Skip to content

Do You Diwali?

November 4, 2013

Yesterday I attended my first ever Diwali party. It’s embarrassing to admit, but last week I knew little to nothing of this holiday. Now, I’m totally enamored of it.

This international community at IAS is really remarkable. On Friday night the Fussies hosted a potluck in our apartment. I made chana masala and a split mung bean dal. Our Indian neighbors brought a bowl of fragrant spiced minced chicken (and some bread). The Israelis from across the courtyard made a tray of moussaka. And the other American family made a variation of tabouli that tied into their Lebanese heritage.

I also made baba ganoush, because I’ve been making a lot of baba ganoush lately. More on that soon.

But this was the first time that I was serving some of my homemade Indian food to people from India. It was more than a little bit harrowing, but they were very polite and complimentary. I did make a point though to include garnishes of red onion and cilantro, a delicious finishing touch that I usually skip, mostly because those two ingredients are reviled by 75% of the Fussies.

With this modest success under my belt, I decided to take on something a bit more out of my comfort zone for Diwali.

As far as I can tell, Diwali takes the best parts of Thanksgiving, the Fourth of July, Halloween, and Christmas, and swirls them into a colorful spectacular of sweets, presents and lights.

I want to go to a Diwali celebration every year.

Given that this was my first, I did a little research and discovered that when you are invited over to someone’s home on Diwali, it is traditional to bring sweets. I learned this on Saturday evening after it was far too late to go out for ingredients, and it was probably inadvisable to start on a cooking project.

But that never stopped me before.

Fortunately, I had all the ingredients and tools on hand that I needed to attempt Kesar Kaju Katli. That included raw cashews, plenty of sugar, a little bit of milk, a bit of ghee and a pinch of saffron.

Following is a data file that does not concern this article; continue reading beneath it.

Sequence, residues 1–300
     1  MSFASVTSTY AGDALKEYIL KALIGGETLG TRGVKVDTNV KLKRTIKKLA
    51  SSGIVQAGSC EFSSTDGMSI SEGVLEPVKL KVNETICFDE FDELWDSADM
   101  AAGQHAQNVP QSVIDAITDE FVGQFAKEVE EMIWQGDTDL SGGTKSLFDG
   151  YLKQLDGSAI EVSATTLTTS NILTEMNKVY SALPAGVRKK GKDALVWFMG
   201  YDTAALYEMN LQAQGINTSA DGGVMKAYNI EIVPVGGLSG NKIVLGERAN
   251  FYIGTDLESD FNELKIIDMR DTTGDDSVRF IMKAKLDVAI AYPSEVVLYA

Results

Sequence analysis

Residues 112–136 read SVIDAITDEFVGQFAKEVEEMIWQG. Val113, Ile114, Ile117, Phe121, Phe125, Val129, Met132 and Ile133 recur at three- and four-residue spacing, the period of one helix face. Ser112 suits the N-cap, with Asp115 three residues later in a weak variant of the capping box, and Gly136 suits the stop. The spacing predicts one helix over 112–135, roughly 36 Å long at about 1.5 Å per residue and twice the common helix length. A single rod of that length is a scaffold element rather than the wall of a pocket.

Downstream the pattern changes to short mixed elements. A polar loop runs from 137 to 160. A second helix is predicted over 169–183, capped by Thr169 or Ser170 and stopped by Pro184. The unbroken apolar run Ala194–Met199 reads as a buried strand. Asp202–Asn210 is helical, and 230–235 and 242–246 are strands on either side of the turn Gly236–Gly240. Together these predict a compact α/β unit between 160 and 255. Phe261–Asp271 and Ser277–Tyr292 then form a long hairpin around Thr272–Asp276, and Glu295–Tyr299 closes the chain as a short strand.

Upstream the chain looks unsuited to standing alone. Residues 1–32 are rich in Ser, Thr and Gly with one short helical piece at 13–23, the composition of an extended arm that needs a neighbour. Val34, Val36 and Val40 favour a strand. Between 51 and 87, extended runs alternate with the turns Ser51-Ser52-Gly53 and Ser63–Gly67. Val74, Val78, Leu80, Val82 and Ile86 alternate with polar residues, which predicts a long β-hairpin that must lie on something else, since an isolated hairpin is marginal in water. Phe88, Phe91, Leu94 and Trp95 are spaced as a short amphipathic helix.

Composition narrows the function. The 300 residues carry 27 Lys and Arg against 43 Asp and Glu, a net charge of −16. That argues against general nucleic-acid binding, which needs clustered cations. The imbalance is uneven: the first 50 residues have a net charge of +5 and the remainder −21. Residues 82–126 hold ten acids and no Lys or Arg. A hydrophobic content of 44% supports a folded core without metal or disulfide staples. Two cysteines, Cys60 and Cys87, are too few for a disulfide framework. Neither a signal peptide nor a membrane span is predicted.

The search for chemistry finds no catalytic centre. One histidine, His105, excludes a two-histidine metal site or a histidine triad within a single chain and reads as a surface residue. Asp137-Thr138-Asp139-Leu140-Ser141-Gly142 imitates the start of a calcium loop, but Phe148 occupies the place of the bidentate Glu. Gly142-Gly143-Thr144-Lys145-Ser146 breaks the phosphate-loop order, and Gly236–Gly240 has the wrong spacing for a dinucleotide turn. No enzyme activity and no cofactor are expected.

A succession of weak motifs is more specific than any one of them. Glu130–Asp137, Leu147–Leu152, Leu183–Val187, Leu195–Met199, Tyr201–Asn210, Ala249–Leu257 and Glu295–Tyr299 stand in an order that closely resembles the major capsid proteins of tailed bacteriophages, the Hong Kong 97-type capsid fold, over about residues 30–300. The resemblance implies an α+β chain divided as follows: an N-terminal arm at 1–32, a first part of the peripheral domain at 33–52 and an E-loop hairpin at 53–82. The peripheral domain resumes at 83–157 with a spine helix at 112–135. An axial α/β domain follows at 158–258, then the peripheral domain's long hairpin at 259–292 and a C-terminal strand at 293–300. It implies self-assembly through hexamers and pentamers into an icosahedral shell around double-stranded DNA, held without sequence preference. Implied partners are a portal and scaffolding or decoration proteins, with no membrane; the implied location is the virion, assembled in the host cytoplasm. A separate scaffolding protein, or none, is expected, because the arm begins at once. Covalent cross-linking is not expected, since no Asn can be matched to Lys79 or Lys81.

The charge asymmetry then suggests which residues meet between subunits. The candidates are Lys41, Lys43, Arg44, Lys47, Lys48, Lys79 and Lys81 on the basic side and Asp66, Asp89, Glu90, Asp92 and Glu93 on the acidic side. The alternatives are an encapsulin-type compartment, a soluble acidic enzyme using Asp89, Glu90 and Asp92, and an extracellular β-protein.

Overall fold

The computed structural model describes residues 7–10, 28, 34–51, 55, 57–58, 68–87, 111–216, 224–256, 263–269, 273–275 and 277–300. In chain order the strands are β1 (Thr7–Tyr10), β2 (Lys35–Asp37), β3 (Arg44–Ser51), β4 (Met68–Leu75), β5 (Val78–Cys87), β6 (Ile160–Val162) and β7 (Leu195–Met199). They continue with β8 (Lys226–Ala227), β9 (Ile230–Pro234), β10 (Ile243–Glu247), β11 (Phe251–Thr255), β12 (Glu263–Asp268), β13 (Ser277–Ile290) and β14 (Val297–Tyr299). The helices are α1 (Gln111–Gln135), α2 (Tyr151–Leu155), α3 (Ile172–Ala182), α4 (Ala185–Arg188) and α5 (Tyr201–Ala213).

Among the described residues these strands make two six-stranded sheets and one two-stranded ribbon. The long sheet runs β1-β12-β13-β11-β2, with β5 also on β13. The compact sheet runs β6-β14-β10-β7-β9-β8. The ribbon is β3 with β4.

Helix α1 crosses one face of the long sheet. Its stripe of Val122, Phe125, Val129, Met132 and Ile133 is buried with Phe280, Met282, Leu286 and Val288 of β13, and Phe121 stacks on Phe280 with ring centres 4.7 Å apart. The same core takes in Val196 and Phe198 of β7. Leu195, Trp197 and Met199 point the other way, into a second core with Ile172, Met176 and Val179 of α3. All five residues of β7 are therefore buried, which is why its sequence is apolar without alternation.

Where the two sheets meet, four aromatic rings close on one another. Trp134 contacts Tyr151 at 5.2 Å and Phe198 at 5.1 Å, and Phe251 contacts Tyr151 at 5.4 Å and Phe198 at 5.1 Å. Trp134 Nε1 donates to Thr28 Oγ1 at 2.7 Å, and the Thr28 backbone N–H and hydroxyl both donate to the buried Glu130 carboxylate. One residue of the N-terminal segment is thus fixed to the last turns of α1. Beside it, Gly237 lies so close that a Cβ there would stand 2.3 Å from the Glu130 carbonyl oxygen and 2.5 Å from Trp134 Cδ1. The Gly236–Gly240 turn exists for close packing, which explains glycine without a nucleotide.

In theory this can be a pretty easy dish to make, especially if you are starting out with cashew flour. But I only had whole cashews, so I was going to have to break out the big guns.

There are a lot of recipes floating around for this dish. None of them really quite explain what is going on during the process. Part of me wanted to try and combine the best parts of several recipes, but without a firm understanding of the technique, I thought it was really best to just choose one recipe and try to faithfully recreate that version of the dish.

So that’s what I did, and this was ultimately the recipe I made.

While I thought these tasted great, they didn’t quite have the visual appeal I was hoping for. But looking back on it, the version I pulled off looks an awful lot like the ones from the recipe page. Granted, I took no pictures myself, because I didn’t find them to be especially photo worthy.

One’s first attempts are rarely as good as subsequent efforts. But I’m looking forward to making these again, because I loved the distinctive notes of saffron laced through this sweetened, earthy cashew paste.

Our hostess had never made these herself, so she didn’t have a lot of pointers to help me improve my technique. But she did serve an amazing goat stew, for which I’m hoping she will be willing to share her recipe.

And maybe, if anyone is throwing a Diwali party in the Capital Region next year, I can bring both dishes to help in the celebration.

2 Comments leave one →
  1. November 4, 2013 10:25 am

    I’ve been aware of Diwali for decades because my wife used to do advertising for Sprint, and they would try to get people in the US to call home to India and wish their relatives Happy Diwali. It’s definitely a great, celebratory holiday.

    If you want to translate it to the Cap District, though, you may have to take the initiative yourself. There was a photo of the Diwali observance at the Hindu Temple in Loudonville http://www.timesunion.com/default/photo/Devotees-celebrate-the-annual-Hindu-holiday-5406888.php and those are some of the glummest celebrants imaginable. Lighten up, people! (Pun intended.)

  2. November 5, 2013 5:05 am

    I love Diwali! I went with some friends to a function, and it was fun! I look forward to Diwali every year.

Leave a Reply

Fill in your details below or click an icon to log in:

WordPress.com Logo

You are commenting using your WordPress.com account. Log Out / Change )

Twitter picture

You are commenting using your Twitter account. Log Out / Change )

Facebook photo

You are commenting using your Facebook account. Log Out / Change )

Google+ photo

You are commenting using your Google+ account. Log Out / Change )

Connecting to %s

%d bloggers like this: